Food Allergy Versus Intolerance: What Is The Difference?
While the terms food allergy, intolerance and sensitivity are often used interchangeably, it is useful to understand the differences. Food sensitivities fall into two groups – primary and secondary. Primary means the reaction is directly caused by food, secondary means the reaction is directly caused by something other than food, such as gut disorders, drug treatments, long term high cortisol (stress) or low serotonin (mood). Primary Food Sensitivities then fall into two groups – non-immunological food intolerances include things like lactose intolerance which are genetic rather than immune related. Immunological food sensitivities are based on immune responses and split into two further subgroups – IgE – which is an immediate reaction or ‘food allergy’ and IgG – which are delayed reactions or ‘food intolerances’. When exploring food allergy vs intolerance, it helps to start with a broad definition of each condition.
Food Allergy Definition
A food allergy is an immune system reaction that occurs soon after eating a certain food. Even a tiny amount of the allergy-causing food can trigger signs and symptoms such as digestive problems, hives, or swollen airways. In some cases, a food allergy can cause severe symptoms or even a life-threatening reaction known as anaphylaxis.
Immune System Involvement
When someone with a food allergy eats the allergen, their immune system mistakenly recognizes it as a threat and releases chemicals like histamines. This response can cause symptoms like itching, hives, swelling, shortness of breath, and, in severe cases, anaphylaxis. Common food allergens include peanuts, tree nuts, wheat, soy, fish, shellfish, eggs, and milk.
Food Intolerance Definition
A food intolerance can be either an immunological reaction or a non-immunological reaction. Food intolerances are delayed reactions, generally less serious than allergic reactions but no less problematic, symptoms include intestinal gas, abdominal pain, diarrhea, constipation, heartburn, reflux, bloating, brain fog and lethargy.
Non-immunological reactions cover all food reactions that are not driven by an immune response. For example, symptoms can be caused by a lack of certain enzymes needed to digest a food, as seen in lactose intolerance; when stress exacerbates digestive symptoms, or when reflux is triggered by spicy food or alcohol.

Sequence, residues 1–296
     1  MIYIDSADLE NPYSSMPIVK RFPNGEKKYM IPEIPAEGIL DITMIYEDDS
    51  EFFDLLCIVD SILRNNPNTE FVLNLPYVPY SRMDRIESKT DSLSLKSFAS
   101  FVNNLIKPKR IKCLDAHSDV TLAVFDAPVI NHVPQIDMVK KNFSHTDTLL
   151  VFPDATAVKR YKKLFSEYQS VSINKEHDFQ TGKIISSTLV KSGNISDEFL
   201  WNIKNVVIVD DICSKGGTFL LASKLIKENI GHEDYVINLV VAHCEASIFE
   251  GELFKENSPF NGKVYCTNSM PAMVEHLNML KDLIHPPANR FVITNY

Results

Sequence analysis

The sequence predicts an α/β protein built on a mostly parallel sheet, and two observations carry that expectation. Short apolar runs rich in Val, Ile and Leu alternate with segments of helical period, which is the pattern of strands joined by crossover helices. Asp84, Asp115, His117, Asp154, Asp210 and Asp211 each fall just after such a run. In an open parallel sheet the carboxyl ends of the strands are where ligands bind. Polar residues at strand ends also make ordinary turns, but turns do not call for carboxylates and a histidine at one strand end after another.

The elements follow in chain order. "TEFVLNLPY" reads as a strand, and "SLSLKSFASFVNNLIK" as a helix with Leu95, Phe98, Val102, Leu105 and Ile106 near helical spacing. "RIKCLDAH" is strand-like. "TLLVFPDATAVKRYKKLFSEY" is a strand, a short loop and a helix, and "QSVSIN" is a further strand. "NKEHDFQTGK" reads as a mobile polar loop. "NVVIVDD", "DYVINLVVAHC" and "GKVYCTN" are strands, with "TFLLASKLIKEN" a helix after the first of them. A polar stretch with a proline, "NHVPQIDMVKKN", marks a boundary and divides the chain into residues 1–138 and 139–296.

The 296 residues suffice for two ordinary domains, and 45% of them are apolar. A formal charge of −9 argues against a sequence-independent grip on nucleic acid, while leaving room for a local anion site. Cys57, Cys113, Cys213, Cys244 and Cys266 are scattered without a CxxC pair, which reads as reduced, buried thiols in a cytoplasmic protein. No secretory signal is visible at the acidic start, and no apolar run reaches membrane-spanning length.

Immunological food intolerances appear when the immune system reacts to food particles escaping through the intestinal lining, into the bloodstream, that are not fully digested. Symptoms of immunological food intolerance are generally less severe than allergic reactions and present as digestive issues, brain fog and lethargy.
Types Of Food Allergy Immune Responses
IgG and IgE are immunoglobulins, which are a class of proteins that function as antibodies produced by the immune system in response to foreign bodies such as food antigens.
- An IgG reaction can occur hours to days after exposure to an allergen, food or inhalant. This type of reaction is referred to as a delayed sensitivity reaction.
- An IgE reaction occurs usually immediately after exposure to the allergen, food or inhalant. This type of reaction is referred to as a Type I immediate hypersensitivity reaction or in some cases anaphylaxis.
How Do Food Intolerances Develop?
In order to explain how food intolerances develop, it is important to understand how the gut functions. Our bodies have several mechanisms to protect against toxins, such as physical barriers, digestive secretions, immune surveillance and enzyme systems that process toxins for excretion via sweat, breath, urine and faeces. Approximately 70% of our immune system is located around the digestive system.
In a normal healthy person the small intestine behaves like a selective sieve, allowing only the broken down products of complete digestion into the bloodstream. These molecules are the amino acids, simple sugars, fatty acids, vitamins, and minerals that the body requires for all the processes of life to function properly.